Last week, the television show Atlanta aired a mockumentary about the making of A Goofy Movie, "The Goof Who Sat By The Door." The episode casts the 1995 film as a passion project of the fictional Thomas Washington, an animator who accidentally becomes Disney's first black CEO and sought to work that background into his work. Like many people who have asserted such in real life, Washington argues that Goofy is undeniably black, and the episode declares the film "the blackest movie of all time." (Others agree.) The whole episode is well-done, and is somewhat audacious given that FX, the network on which Atlanta airs, is now owned by Disney.
I will admit that I have also been looking forward to this episode for months, without even knowing its contents. This was because of an email I received this past June from a Legal Clearance Specialist at Disney, looking to contact a source I’d spoken to for a story I’d written in 2018.
In 2018, I interviewed Tiara Seddens, an artist specializing in fan art, who drew cartoon characters from TV shows and movies in different, more culturally specific contexts. Her most enduring image was one of Max from A Goofy Movie, dressed in streetwear, complimenting Roxanne, also in streetwear, which the now famous line "Wow Queen, you're so beautiful" (seen above). The sketch is earnest and not exactly professional quality, making it easy to make fun of or, at least, riff on. Many did. At some point, an altered version featuring the characters in a disheveled apartment appeared. In this one, Max says, "Damn, bitch, you live like this?"
Because I am the only journalist who has ever interviewed Seddens about the picture, Atlanta's production team had turned to me. (Getting in touch with her the first time was a little complicated as well: when Instagram DMs failed, I found her mother in the comments, and sent her a Facebook message to the effect of "I swear I'm not a total freak, I just want to ask your daughter about her art.") There is, obviously, something clearly funny about a company as large and protective of its works as Disney seeking permission to use fan art of characters it otherwise owns. Especially in a TV episode critical of Disney.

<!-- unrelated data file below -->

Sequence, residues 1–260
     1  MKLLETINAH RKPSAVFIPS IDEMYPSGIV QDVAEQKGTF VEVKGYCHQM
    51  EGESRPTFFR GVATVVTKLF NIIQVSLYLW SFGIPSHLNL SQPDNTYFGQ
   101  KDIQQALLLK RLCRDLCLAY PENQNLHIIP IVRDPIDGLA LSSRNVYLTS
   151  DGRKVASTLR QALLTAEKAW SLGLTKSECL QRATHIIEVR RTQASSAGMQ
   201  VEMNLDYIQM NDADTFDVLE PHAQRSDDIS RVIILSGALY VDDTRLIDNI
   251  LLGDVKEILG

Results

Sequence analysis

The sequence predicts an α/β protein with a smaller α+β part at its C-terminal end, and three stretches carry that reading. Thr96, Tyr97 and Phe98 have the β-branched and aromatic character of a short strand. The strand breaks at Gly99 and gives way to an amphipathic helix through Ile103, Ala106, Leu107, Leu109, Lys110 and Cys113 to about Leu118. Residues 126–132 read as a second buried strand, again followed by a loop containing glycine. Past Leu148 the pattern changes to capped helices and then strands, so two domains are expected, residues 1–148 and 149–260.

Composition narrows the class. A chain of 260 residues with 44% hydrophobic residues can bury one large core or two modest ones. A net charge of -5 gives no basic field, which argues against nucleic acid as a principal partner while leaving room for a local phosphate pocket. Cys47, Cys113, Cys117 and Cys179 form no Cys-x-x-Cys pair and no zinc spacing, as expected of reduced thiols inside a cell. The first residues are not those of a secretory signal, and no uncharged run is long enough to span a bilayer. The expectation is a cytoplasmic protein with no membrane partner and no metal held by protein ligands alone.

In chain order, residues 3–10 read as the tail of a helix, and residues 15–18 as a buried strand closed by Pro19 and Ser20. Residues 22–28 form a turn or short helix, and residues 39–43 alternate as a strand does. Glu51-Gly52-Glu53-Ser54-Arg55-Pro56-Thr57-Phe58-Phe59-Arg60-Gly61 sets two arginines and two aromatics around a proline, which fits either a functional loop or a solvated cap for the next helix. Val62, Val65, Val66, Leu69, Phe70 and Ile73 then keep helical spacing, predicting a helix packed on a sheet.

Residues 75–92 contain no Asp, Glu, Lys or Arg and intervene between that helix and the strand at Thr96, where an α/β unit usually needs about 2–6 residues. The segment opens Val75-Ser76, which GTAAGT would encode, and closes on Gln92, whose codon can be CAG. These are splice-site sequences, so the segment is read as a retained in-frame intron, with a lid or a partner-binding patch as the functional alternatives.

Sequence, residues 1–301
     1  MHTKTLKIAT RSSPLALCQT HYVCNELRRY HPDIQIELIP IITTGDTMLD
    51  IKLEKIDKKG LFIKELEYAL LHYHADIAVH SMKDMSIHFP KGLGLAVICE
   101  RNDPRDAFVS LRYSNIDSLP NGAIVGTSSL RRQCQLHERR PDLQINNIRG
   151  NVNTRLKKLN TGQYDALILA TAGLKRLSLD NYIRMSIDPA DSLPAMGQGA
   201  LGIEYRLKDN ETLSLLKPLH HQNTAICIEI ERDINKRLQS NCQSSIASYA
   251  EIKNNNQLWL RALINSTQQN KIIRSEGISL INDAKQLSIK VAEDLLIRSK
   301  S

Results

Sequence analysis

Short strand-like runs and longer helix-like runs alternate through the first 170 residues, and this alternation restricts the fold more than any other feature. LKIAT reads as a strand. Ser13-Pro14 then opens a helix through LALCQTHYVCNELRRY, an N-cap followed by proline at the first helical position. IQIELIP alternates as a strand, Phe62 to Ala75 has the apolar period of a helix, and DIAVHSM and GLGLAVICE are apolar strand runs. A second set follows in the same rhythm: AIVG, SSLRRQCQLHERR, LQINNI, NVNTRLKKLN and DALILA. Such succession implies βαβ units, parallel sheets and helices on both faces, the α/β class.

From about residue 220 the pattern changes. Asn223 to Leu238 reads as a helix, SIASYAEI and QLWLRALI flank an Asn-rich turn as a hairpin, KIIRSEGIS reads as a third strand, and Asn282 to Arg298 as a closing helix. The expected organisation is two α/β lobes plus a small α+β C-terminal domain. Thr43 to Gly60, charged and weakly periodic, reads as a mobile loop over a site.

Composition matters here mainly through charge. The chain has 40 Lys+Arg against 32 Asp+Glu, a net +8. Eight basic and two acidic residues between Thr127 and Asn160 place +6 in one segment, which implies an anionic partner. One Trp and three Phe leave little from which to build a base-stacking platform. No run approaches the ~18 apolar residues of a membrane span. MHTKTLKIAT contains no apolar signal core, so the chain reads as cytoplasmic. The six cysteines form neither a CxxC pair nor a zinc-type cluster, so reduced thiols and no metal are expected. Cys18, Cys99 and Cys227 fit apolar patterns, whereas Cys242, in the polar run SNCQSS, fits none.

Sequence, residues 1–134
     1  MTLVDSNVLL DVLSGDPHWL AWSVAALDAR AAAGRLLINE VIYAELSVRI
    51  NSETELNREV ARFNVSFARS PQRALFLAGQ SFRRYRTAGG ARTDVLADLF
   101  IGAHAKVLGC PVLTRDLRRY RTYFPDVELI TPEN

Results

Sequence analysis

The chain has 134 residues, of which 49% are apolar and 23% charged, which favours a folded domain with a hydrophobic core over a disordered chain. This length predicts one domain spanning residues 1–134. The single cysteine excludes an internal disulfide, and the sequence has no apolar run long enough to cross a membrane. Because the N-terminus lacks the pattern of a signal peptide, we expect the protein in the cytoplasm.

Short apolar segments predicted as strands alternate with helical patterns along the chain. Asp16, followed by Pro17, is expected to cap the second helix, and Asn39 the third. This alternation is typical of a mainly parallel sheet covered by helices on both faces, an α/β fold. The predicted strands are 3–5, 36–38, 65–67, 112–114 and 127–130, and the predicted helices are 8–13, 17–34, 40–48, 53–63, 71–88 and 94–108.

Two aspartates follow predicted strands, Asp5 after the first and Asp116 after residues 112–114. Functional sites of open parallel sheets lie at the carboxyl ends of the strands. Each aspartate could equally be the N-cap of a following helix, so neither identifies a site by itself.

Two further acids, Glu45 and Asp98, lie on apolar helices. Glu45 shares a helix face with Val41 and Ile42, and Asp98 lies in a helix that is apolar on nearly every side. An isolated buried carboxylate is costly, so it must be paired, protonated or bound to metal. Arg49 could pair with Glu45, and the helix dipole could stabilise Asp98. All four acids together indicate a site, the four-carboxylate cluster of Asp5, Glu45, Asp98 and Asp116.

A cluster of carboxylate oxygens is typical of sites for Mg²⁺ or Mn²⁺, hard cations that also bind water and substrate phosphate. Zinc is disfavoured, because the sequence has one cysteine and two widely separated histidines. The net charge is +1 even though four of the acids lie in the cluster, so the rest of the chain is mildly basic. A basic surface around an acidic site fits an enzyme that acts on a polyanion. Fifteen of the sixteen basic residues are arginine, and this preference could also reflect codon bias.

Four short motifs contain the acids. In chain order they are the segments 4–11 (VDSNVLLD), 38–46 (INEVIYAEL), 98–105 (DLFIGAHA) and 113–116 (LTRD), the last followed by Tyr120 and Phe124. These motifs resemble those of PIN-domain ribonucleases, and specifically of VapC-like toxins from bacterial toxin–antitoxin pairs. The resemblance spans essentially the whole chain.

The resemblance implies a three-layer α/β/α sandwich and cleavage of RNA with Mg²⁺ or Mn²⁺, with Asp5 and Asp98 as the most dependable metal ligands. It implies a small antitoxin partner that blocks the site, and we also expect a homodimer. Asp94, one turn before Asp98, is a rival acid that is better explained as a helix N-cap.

So I dug through the email archive I had from my old job1, found Seddens's contact info, got her permission, and then shared that contact info with the Atlanta team. I also noted diplomatically that I hoped Disney was prepared to compensate her fairly. One producer, thankful for the assist, said that, "Her work is a big inspiration for what we're doing."
And that was the end of the interaction. I don’t know what came of it and I didn’t ask for more info, since I was simply a go-between. I just kinda assumed that a show like Atlanta, attuned to how people actually use the internet in practice, would throw the image up on a character's phone in the course of some surreal romp and that would be that. But the Goofy episode is something stranger and better.
Seddens's drawing, in its "Damn, bitch, you live like this?" variant (author unknown), appears right at the end of the episode. The fictitious son of Thomas Washington, Max, references it as a descendant of A Goofy Movie, its explicit blackness, and his father's mission. "You know that 'Damn, you live like this?' meme?" he asks. "It's so funny to me because the essence of it is those drawings he did in college. Black folks living their lives, being funny, being free, being real."
The episode mocks up a couple of the drawings Washington did in college, in a series called, “Goofy, Please.” I have a guess as to at least one reference point that might have inspired them.
What's interesting here, to me at least, is how the episode flips chronology on its head. In the episode's fiction, Seddens’s meme is a result of A Goofy Movie being an explicitly black production, as opposed to the meme being what it is an real life: an expression of something only implicit in the film and only expanded on through subsequent critical interpretation.
In other words, in the episode, Thomas Washington inspires the meme; in reality, the meme clearly inspired the episode's alternate history. To rephrase this scenario even more simply: Tiara Seddens's drawing eventually led to an entire episode of critically acclaimed, prestige television. I think that's really cool on both ends — that someone's sketches could travel so far across the internet, and that someone on the receiving end could engage with that work so comprehensively.
I figured I'd write this up because it's a cool, neat little pop culture story. I'm also writing this for posterity because, as far as I can tell, Tiara Seddens isn't listed anywhere in the credits.
Thank you for reading BNet.
In late 2019, my employer was acquired by a larger company — one that I assumed was going to be more aggressive in treating email correspondence with sources as work product, and subsequently, company property. In many cases, my emails contained the only interviews with certain internet-culture figures, and so I exported a local copy of my entire email archive before it migrated over to their system. After the migration, as expected, the ability to export was disabled. All of that information in my inbox would otherwise be gathering dust had I not retrieved it. If you’re a journalist that conducts work with sources over a company email account, it’s worth looking into your employer’s policy on the matter — and then shaming them into changing it.